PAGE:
How profitable are teaser loans to lenders?

Teaser loans can be quite profitable to lenders, because people often continue to utilize the loans after the introductory period of low interest.

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When considering how profitable "teaser loans" may be for lenders, the short answer is that they can be very profitable, but only in certain conditions. This means that, in one sense, teaser loans are something of a gamble for lenders. High profitability is not guaranteed, but it happens frequently enough for many to think these loans worth the trouble.

A teaser loan is just a loan of any sort that has some kind of attractive "introductory offer"—most often a lower interest rate, sometimes even 0%, as an incentive to sign people up. A credit card that has an introductory interest rate far below market norms is a good example. People are attracted to them because, if they use them properly, they can save a fair amount of interest in the short run.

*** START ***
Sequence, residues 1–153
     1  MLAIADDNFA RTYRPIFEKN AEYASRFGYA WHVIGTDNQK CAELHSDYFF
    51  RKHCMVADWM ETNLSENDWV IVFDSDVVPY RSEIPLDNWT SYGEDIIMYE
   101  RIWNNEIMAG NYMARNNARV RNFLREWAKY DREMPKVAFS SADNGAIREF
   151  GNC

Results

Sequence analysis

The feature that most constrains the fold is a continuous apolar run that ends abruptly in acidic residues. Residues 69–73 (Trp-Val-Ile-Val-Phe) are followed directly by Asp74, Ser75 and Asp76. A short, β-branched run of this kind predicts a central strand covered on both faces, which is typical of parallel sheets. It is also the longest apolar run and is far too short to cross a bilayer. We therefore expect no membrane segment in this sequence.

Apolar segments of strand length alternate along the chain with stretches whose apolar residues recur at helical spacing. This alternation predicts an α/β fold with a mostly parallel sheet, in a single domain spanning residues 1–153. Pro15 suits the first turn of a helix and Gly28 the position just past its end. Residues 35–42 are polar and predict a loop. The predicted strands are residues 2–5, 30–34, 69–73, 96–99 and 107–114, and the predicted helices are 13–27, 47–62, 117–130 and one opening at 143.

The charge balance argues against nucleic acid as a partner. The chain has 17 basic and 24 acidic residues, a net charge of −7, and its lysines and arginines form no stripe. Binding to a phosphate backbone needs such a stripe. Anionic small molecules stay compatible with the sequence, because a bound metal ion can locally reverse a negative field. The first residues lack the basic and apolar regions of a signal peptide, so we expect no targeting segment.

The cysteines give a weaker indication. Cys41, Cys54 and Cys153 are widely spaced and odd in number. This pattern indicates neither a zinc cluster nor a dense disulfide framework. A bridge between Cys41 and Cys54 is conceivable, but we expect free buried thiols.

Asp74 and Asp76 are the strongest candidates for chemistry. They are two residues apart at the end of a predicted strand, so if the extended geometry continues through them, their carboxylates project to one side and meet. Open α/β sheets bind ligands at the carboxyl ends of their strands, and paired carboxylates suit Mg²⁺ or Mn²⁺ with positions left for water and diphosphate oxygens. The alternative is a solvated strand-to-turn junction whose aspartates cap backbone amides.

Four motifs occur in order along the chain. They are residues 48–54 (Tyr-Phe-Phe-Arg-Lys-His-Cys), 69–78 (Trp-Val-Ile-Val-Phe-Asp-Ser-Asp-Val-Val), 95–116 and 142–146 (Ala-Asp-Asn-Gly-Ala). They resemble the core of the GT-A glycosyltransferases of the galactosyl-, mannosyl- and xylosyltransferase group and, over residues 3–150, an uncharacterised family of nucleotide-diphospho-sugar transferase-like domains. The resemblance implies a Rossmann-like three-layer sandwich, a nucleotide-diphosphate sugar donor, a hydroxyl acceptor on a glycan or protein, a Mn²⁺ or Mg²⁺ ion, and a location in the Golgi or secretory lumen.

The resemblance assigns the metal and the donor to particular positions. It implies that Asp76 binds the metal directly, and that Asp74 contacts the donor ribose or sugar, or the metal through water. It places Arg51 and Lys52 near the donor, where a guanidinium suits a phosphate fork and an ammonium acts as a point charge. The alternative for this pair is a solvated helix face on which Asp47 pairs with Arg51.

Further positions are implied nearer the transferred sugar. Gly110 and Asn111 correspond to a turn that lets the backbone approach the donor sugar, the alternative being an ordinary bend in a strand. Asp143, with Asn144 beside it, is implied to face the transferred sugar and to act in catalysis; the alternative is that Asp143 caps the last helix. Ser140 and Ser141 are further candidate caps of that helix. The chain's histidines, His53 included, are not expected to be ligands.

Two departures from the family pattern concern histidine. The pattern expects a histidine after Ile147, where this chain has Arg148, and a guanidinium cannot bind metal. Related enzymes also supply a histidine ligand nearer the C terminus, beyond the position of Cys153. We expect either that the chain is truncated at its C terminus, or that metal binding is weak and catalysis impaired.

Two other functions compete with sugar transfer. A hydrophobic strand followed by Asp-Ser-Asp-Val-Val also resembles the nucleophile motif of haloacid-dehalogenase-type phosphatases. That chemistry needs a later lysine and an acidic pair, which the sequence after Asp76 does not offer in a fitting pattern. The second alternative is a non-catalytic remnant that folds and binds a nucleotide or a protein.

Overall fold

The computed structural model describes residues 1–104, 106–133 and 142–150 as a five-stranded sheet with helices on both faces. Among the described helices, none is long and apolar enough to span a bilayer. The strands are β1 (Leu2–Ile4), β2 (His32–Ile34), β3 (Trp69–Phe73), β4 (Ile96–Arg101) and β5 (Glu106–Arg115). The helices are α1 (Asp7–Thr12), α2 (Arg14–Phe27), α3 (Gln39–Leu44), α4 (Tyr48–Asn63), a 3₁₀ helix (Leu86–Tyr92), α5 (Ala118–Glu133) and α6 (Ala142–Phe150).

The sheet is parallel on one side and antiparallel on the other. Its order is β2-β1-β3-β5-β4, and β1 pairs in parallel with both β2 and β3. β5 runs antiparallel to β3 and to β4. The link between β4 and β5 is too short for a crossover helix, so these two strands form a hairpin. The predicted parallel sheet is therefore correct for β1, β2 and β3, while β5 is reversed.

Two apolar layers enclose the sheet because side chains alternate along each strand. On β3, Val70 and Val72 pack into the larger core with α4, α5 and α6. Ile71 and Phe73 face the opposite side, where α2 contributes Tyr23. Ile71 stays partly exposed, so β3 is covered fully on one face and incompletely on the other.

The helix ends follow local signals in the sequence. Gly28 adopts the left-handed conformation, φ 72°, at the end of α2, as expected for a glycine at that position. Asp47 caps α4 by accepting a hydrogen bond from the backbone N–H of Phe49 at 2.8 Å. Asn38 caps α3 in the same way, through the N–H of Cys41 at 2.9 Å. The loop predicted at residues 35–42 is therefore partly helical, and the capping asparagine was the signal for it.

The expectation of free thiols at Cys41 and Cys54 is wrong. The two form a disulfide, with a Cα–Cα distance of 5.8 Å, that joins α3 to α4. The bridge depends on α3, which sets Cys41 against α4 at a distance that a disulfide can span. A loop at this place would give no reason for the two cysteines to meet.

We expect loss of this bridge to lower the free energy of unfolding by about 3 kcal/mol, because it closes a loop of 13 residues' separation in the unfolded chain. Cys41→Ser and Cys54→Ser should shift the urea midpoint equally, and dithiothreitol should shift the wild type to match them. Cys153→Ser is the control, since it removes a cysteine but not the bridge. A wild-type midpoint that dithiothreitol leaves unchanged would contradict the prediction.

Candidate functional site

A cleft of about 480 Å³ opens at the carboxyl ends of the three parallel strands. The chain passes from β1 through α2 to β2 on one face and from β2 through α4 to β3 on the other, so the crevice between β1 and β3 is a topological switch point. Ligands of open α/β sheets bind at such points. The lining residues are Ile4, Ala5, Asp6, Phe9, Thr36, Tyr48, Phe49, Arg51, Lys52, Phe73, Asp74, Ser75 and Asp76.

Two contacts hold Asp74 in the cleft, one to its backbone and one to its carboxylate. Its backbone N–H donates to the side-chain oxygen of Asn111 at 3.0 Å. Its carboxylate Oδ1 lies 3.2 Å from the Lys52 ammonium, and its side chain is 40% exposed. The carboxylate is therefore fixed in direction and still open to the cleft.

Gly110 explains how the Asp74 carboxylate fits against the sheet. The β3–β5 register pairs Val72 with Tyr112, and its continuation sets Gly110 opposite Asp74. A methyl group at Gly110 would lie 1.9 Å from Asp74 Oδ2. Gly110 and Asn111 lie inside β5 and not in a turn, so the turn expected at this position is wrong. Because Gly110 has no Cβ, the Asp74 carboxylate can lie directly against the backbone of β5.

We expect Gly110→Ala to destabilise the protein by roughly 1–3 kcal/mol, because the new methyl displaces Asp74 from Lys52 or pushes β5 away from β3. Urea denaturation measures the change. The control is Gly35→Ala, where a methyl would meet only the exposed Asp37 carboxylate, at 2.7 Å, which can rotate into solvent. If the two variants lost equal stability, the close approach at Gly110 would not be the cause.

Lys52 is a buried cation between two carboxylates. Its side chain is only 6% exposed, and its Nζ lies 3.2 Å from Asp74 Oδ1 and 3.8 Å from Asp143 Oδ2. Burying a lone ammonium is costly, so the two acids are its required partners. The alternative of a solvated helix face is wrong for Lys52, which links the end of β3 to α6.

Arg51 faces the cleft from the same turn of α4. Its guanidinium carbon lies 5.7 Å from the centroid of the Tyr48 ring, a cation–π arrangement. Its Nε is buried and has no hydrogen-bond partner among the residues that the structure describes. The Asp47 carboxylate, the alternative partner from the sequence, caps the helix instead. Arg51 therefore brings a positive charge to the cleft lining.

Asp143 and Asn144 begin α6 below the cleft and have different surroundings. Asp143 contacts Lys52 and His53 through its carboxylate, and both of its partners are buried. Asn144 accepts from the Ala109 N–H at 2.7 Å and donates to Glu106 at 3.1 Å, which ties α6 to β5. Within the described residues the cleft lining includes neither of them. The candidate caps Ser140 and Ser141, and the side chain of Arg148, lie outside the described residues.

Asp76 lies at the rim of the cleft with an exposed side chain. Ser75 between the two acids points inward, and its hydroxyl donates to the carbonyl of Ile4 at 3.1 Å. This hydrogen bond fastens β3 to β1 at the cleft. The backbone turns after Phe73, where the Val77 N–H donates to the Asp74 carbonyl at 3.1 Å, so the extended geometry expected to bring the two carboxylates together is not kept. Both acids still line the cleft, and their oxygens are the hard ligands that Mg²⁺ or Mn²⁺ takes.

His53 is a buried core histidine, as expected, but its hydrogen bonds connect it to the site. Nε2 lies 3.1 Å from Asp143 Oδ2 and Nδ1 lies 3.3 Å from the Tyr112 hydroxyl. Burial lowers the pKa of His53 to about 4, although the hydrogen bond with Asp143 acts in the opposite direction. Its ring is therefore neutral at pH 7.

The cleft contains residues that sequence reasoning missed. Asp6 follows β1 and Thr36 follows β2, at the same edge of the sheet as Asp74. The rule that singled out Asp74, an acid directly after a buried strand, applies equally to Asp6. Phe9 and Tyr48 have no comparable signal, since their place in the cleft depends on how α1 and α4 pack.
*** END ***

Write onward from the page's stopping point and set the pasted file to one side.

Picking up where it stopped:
The profit for the lender and the possible problem for the borrower comes when the introductory period expires. It is common that at this point the interest rate becomes fixed to something standard. It's not necessarily outrageous, but if the borrower is not paying attention, the introduction of interest can go unnoticed—and thus the profitable part of the relationship for the lender begins.

As a strategy, teaser loans work because people are drawn to savings and introductory offers. It is easy to convince yourself at that moment that you simply stop using the loan or the credit card when the interest goes up. The problem is that by that time, people have generally acclimatized to paying the bill and not really paying attention. A small amount of interest is likely to be shrugged off by someone who is already used to using the card, when it is tacked on to one bill. However, over time, that interest that the borrower has become used to paying without thinking much about it is pure profit over the long term for the lender.

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